Country Stardom

Carpenter's next album, Shooting Straight in the Dark (1990), integrated her folk impulses within a polished country setting, an infusion that resulted in the hits "Going Out Tonight" and "You Win Again." On the latter, built upon the concept of a woman calling her lover from a pay phone, Carpenter displays her talent for sharp, intelligent songwriting: "I just start crying, 'cause it makes so sense / To waste these words and twenty-five cents on a losing game / Baby, you win again." The album's biggest hit, however, is "Down at the Twist and Shout," an exuberant dance number sporting the shuffling, loping rhythms of Louisiana Cajun music. Recorded with the Cajun group Beausoleil, the song's success paved the way for Carpenter's 1992 breakthrough album, Come On Come On.

Riding the success of Come On Come On, Carpenter's next release, Stones in the Road (1994), became her best-selling album. However, aside from the catchy hit, "Shut Up and Kiss Me," Stones in the Road lacked the impact and influence of its predecessor. On A Place in the World (1996), the disparity between Carpenter's country and folk styles is more marked than on previous releases. Veering from the flashy, horn-driven R&B sound of "Let Me into Your Heart" to the wistful, romantic, "What If We Went to Italy," the album failed to garner any Top 10 country hits. While Carpenter's eclecticism was satisfying from an artistic standpoint, it began to hamper her ongoing success within the increasingly streamlined, pop-oriented world of late 1990s country radio.

Spot Light: Come On Come On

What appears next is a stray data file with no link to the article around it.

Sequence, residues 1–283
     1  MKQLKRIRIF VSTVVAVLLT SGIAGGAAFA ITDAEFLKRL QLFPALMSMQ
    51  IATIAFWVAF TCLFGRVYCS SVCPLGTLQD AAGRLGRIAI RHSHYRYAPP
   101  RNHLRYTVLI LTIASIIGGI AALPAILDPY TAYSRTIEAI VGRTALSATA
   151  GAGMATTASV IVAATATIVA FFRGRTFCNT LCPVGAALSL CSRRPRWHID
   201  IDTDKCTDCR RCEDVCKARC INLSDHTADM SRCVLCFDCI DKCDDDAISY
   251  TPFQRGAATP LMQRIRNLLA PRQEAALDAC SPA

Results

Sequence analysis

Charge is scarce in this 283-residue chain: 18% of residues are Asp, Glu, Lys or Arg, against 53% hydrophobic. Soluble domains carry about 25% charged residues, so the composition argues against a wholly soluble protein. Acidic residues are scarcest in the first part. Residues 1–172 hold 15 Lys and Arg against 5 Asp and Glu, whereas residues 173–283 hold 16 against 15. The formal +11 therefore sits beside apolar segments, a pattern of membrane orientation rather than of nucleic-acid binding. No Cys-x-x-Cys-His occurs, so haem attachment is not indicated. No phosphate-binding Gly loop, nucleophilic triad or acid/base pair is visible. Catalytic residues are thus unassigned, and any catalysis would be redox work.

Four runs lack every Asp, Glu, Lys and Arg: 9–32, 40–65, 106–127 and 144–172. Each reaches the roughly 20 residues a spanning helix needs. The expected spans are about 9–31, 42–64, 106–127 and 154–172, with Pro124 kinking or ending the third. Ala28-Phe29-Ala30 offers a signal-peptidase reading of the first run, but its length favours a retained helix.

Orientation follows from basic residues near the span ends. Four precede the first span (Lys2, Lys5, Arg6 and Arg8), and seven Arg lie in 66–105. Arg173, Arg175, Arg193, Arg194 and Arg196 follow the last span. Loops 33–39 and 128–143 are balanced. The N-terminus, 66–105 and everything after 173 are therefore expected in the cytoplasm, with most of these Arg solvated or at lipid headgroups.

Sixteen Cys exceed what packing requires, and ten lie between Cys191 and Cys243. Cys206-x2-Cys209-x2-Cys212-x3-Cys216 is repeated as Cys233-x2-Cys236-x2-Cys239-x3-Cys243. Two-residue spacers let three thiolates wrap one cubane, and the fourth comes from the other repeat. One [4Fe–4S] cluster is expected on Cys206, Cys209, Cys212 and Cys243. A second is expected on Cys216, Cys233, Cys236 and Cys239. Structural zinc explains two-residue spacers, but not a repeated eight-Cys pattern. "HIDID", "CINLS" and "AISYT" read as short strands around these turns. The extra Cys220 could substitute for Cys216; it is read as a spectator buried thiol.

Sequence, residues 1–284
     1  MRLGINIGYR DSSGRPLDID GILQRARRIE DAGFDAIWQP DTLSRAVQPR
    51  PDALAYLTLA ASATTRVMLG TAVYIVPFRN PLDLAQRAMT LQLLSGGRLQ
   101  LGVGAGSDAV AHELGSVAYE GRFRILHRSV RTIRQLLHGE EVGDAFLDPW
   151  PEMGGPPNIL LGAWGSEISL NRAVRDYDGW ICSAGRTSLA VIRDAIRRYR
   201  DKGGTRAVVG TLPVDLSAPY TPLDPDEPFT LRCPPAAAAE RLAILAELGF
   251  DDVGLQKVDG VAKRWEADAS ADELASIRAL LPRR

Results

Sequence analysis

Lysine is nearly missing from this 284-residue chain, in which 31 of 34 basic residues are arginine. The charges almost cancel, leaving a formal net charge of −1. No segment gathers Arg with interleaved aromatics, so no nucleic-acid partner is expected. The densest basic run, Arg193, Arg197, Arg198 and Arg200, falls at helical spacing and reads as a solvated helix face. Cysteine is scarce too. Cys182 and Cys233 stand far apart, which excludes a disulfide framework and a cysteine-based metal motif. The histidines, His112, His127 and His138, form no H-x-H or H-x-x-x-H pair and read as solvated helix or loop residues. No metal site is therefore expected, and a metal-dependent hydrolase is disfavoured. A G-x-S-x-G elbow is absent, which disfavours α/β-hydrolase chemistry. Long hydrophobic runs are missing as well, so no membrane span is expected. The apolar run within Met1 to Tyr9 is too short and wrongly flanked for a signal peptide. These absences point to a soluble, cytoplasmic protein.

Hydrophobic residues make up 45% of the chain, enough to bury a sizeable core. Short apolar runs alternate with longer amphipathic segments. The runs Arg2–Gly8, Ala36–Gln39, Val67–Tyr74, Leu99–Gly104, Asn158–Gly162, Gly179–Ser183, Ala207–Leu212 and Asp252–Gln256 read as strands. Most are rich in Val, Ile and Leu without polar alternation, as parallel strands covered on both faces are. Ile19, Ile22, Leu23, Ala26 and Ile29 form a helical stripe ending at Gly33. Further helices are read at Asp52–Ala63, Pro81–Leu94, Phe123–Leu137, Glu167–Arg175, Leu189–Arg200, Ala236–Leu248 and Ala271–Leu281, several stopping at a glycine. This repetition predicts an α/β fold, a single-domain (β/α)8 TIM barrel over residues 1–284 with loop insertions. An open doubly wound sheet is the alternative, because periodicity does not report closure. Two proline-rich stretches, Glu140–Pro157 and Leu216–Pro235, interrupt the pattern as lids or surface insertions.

The release of Come On Come On (1992) signaled Mary Chapin Carpenter's progression from up-and-coming performer with folk leanings to full-fledged country star. Although the album sports an array of styles, Carpenter's strong personality and the smooth guidance of producer Steve Buckingham ensure a warm, cohesive sound. Containing no less than seven hit singles, the album features one of Carpenter's best-known hits, "He Thinks He'll Keep Her," a compelling tale of a frustrated wife who leaves her husband. Presented as stages of aging and maturity in the woman's life, the song captivates listeners with a strong narrative through-line: "When she was twenty-nine, she delivered number three / And every Christmas card showed a perfect family." The album's other hits are equally impressive: "I Feel Lucky" is a rousing, humorous number in which a woman declares her optimism in the face of a bad horoscope, while the driving "Passionate Kisses" captures a sensuousness and longing that echo in Carpenter's subsequent work. While "I Feel Lucky" and "I Take My Chances" depict a tough feminine spirit that would inform the confident image of late 1990s singers such as Shania Twain, the quiet, restrained, "I Am a Town" recalls Carpenter's early folk influences. A rich, detailed snapshot of small-town life, the song displays Carpenter's gift for lyrical imagery: "I'm a town in Carolina, I am billboards in the fields / I'm a old truck up on cinder blocks, missing all my wheels." Earning Grammy Awards for both "I Feel Lucky" and "Passionate Kisses," Carpenter emerged with Come On Come On as one of the most influential country performers of the 1990s.